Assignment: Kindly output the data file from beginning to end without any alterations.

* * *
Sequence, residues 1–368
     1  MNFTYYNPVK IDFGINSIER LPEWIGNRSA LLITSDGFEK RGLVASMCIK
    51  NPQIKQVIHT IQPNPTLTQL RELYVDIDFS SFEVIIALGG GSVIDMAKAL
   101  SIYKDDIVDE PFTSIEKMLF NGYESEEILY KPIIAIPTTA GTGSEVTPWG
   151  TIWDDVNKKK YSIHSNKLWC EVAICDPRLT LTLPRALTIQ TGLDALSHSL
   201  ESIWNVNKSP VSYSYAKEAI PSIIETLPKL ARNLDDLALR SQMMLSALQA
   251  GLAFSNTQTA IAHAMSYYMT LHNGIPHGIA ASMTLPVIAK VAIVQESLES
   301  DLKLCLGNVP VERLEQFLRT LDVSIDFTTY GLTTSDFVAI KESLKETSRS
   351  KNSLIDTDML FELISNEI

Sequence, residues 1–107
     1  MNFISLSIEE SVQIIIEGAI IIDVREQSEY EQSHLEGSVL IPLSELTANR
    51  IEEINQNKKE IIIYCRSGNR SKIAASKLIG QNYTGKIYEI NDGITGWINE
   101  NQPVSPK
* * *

Sequence, residues 1–368
     1  MNFTYYNPVK IDFGINSIER LPEWIGNRSA LLITSDGFEK RGLVASMCIK
    51  NPQIKQVIHT IQPNPTLTQL RELYVDIDFS SFEVIIALGG GSVIDMAKAL
   101  SIYKDDIVDE PFTSIEKMLF NGYESEEILY KPIIAIPTTA GTGSEVTPWG
   151  TIWDDVNKKK YSIHSNKLWC EVAICDPRLT LTLPRALTIQ TGLDALSHSL
   201  ESIWNVNKSP VSYSYAKEAI PSIIETLPKL ARNLDDLALR SQMMLSALQA
   251  GLAFSNTQTA IAHAMSYYMT LHNGIPHGIA ASMTLPVIAK VAIVQESLES
   301  DLKLCLGNVP VERLEQFLRT LDVSIDFTTY GLTTSDFVAI KESLKETSRS
   351  KNSLIDTDML FELISNEI

Sequence, residues 1–107
     1  MNFISLSIEE SVQIIIEGAI IIDVREQSEY EQSHLEGSVL IPLSELTANR
    51  IEEINQNKKE IIIYCRSGNR SKIAASKLIG QNYTGKIYEI NDGITGWINE
   101  NQPVSPK